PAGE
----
34 of 37 people found the following review helpful
By A Customer
This review is from: Dangerous Liaisons  [DVD] (DVD)
The 18th Century setting of this excellent adaptation of the Christopher Hampton play in pre-revolutionary France, serves much better to amplify the story line than any modern day adaptation ever could. The seemingly villianous characters of the Marquis de Merteuil (Glenn Close) and Vicomte de Valmont (John Malkovich) with their plotting and machinations, are something that only that ghastly age could produce, with social divisons so wide it caused a revolution, as well as its culture of female repression. The sumptious costumes and cinematography emphasising the immense wealth and indolence of the aristocrats. The tight corsets of the women out of which they could barely breathe, emphasising the social restrictions that suffocated their spirits. That we know that the ultimate fate of these aristocrats was with "Madame de Guillotine" contributes to the atmosphere a subtle danger that pervades throughout the film, central to the plot of sexual intrigue and manipulation.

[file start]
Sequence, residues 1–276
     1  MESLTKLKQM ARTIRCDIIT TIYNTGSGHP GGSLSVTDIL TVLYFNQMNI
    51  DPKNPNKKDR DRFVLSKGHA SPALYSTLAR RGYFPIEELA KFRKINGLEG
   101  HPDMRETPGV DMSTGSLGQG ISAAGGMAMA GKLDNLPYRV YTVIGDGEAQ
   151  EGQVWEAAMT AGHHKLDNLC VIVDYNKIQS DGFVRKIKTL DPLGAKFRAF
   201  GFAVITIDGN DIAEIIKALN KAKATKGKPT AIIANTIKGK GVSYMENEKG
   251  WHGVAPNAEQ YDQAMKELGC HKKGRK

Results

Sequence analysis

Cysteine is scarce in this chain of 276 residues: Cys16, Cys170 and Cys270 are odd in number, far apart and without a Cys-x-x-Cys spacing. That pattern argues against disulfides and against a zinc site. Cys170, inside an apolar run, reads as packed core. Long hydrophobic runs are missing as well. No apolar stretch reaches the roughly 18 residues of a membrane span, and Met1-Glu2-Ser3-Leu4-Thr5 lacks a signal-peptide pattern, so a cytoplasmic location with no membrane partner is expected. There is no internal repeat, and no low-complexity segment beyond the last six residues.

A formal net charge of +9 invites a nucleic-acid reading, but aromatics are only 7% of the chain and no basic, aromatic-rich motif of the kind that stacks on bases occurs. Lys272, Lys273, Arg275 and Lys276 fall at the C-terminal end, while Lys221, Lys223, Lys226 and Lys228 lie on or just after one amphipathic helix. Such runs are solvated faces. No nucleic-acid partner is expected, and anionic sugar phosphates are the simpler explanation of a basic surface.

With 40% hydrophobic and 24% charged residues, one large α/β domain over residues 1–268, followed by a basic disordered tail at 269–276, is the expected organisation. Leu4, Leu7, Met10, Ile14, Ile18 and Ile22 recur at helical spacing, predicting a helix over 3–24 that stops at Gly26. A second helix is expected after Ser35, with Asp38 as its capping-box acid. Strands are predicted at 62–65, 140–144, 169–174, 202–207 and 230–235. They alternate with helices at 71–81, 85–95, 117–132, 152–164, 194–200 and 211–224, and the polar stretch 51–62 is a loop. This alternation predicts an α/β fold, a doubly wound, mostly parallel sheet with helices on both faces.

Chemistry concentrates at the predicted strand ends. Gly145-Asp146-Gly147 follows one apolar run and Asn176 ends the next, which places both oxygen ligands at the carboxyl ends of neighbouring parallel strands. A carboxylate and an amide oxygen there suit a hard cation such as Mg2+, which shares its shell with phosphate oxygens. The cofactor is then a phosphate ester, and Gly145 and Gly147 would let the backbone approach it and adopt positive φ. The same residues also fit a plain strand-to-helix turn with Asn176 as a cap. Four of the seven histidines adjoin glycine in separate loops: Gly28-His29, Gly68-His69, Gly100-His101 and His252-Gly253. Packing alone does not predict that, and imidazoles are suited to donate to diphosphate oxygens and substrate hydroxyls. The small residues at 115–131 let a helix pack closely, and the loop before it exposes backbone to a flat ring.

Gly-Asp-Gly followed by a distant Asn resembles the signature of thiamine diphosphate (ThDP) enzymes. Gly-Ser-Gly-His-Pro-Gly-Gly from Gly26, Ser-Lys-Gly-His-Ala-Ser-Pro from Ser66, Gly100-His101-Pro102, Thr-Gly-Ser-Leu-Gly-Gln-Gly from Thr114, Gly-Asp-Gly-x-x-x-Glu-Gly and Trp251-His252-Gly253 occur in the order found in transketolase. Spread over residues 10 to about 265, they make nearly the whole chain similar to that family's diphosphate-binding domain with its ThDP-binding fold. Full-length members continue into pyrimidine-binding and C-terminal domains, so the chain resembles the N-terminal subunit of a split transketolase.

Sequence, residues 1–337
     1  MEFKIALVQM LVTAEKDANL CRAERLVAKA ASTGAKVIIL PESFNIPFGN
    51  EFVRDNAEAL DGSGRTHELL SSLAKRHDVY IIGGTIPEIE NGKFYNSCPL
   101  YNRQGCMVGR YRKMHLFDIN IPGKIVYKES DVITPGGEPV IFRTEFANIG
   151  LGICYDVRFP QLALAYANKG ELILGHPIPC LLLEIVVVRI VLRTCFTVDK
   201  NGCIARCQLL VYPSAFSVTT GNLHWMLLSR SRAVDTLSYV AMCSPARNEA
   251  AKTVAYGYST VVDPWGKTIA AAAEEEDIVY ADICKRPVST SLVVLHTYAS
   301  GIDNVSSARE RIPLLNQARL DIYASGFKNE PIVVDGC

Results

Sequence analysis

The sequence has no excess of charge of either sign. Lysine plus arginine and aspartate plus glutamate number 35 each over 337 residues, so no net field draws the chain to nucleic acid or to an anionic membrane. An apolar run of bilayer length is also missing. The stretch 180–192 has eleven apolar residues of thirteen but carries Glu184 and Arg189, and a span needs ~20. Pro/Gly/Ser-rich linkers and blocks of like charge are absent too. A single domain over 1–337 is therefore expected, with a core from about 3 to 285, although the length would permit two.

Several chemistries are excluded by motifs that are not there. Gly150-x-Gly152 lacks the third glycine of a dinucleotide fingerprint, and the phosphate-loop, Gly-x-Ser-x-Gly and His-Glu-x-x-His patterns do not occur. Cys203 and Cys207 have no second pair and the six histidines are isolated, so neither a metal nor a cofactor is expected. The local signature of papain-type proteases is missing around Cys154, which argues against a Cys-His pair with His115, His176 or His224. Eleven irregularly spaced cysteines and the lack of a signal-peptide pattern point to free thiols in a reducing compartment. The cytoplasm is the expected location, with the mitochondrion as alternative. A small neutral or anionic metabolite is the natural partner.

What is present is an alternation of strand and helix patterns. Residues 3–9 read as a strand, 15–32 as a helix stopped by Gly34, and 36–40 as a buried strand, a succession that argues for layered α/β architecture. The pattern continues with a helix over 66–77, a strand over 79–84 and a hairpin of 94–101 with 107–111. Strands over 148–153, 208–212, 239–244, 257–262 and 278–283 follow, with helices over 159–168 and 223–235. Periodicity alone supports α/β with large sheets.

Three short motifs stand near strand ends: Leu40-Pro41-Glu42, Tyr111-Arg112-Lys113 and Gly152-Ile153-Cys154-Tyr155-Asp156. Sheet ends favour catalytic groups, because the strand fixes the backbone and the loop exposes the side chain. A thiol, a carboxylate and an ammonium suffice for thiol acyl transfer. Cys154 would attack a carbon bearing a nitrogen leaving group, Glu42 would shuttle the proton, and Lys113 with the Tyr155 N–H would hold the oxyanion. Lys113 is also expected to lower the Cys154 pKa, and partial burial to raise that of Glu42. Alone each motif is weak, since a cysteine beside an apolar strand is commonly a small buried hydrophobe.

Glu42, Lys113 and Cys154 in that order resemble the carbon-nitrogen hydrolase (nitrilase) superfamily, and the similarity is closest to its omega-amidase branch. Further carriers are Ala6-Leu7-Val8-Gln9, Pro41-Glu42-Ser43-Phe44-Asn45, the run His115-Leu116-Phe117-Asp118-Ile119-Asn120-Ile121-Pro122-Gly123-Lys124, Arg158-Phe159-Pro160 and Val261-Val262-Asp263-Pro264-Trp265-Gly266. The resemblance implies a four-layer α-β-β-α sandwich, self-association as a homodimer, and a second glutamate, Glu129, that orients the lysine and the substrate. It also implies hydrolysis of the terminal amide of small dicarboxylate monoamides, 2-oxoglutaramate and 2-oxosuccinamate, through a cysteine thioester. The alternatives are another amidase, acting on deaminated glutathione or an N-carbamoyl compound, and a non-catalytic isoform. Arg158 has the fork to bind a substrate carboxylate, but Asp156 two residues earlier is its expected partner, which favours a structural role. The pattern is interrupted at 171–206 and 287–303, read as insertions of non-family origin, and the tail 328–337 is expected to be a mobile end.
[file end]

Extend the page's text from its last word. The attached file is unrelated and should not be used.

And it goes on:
John Malkovich exudes charisma as Valmont and really does look like a french aristocrat from those times. It is unfortunate then that his seduction of Madame de Tourvelle (Michelle Pfeiffer) is conducted in the manner of a drill sargent, making his character as a lady killer a bit unbelievable. Michelle Pfeiffer and Glen Close give the best performances in the film. The torment of Madame de Tourville, played by Pfeiffer, struggling between her love for Valmont and everything she believes in, is acted with exquisite emotional honesty.
It is interesting that author Francois Choderlos de Laclos who wrote the original novel in 1782, being a man, had such a sympathetic insight into the inequalities and double standards the women of the time had to endure. The character of the Marquis de Merteuil being the anti-hero here as a supremely intelligent, capable woman in a society which offers her no outlet for her abilities, apart from destruction and manipulation. Although excellently acted, Glenn Close who plays her reminds me scarily of (a young) Margaret Thatcher!
It is probably the most definative adaptation of the original novel we are ever likely to get, with its message of the timeless constancy of candid, unsophisticated human nature, with its flaws, desires and vunerabilities. A film version with Lindsey Duncan and Alan Rickman as Merteuil and Valmont respectively (who were in the original Broadway version) would have been awesome. But sadly not meant to be. That aside, this version is pretty close to perfection.